“Wallago, Dick! Wallago, Dick!”

Dick the sheepdog’s muzzle is greying but his eyes are still fixed on the sheep. He trots with purpose, rather than running flat out like his apprentice, a youngster called Jay.

After a lifetime of farm work and winning many trials, Dick, who’s 14,  can almost work the sheep around the obstacles on a course by himself. . . 

Whopping truffle from Waipara farm sets NZ record – Gerard Hutching:

Waipara’s Jax Lee has unearthed a New Zealand record of 1.36 kilograms for a black truffle, worth thousands of dollars when she exports it.

Truffle expert Dr Ian Hall said a similar sized black (or Perigord) truffle had been dug up in Gisborne in the 1990s, “but I’m sure Jax’s would be a New Zealand record.”

Truffles may not be quite black gold, but they are considered the world’s most expensive food. The equivalent weight in gold of Lee’s example is 43 ounces, worth $54,000. . . 

A tale of two expos – Post Veganism:

A couple years ago, I attended the Natural Food Expo West for the first time. The section of the main exhibit hall that I first wandered into was row after row of nutraceutical suppliers. These suppliers, including many from China, provided many of the vitamins, minerals, herbs used to supplement and fortify many of the “natural” and “healthy” foods and drinks I’d later see a plethora of elsewhere at this expo. What was less ubiquitous was real whole food, that is food that was minimally processed, well grown or raised  and that didn’t need to be fortified or supplemented to be nutrient dense.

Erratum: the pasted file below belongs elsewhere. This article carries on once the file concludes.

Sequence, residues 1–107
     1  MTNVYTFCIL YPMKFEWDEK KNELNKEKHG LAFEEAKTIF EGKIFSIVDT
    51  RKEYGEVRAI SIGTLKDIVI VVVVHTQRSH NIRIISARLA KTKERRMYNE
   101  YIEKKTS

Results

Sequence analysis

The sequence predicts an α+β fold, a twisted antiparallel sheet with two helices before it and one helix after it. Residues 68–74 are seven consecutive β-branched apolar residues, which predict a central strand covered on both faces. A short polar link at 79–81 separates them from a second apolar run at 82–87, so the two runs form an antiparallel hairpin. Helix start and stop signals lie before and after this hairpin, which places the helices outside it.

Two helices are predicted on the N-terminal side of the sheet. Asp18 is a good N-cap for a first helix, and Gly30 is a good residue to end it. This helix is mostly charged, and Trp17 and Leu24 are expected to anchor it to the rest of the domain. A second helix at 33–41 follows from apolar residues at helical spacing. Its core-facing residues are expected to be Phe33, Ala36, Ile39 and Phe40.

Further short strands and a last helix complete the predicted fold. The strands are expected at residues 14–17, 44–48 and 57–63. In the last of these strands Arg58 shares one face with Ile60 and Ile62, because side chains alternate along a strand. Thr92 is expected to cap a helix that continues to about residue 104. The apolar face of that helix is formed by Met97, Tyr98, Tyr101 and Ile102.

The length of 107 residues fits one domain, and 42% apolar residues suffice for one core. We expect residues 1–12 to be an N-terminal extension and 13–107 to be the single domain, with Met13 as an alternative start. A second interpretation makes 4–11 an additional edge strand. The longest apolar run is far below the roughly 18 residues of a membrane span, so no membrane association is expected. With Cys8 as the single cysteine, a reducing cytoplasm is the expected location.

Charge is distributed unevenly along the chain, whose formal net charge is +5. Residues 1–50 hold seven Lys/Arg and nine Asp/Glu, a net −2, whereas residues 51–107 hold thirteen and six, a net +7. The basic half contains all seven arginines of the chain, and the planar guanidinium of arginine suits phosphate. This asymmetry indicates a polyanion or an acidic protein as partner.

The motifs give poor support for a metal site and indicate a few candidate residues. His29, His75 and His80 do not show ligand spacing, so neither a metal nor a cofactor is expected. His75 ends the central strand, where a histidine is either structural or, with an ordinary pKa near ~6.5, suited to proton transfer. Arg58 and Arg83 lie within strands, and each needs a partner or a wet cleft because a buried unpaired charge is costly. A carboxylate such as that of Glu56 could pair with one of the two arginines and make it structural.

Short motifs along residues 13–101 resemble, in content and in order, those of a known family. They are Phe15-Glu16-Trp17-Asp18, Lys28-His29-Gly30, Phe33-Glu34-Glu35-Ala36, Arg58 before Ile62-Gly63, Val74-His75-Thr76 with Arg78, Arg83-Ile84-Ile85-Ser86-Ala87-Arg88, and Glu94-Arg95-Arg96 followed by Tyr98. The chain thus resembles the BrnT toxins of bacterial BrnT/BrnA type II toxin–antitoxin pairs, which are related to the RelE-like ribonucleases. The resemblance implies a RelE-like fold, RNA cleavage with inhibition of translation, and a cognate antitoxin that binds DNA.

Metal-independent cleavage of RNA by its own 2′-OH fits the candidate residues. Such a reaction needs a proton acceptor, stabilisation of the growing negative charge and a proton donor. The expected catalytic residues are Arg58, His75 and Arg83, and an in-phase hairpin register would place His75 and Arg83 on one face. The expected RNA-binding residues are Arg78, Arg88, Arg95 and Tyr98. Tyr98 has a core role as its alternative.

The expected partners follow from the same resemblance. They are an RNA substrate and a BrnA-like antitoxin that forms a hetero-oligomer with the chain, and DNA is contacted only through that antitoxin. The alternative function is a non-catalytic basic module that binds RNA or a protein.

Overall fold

So this past April, I returned to Anaheim once again to attend the Natural Food Expo West held at the convention center. This year the event was larger than ever, and I only had portions of two days so couldn’t cover the entire hall. Maybe I just missed it, but all the nutraceutical suppliers seemed to be organized more around the periphery rather than taking so much area on the floor this time. Though there still was plenty of “natural” and ‘healthy” junk food fortified with vitamins, minerals, herbs and- the new rage- probiotics. However, much to my surprise, there was a larger presence of real food with more fermented foods, minimally processed seaweed items, and vinegar as well as plenty of bone broth, jerkies and other grass finished meats . .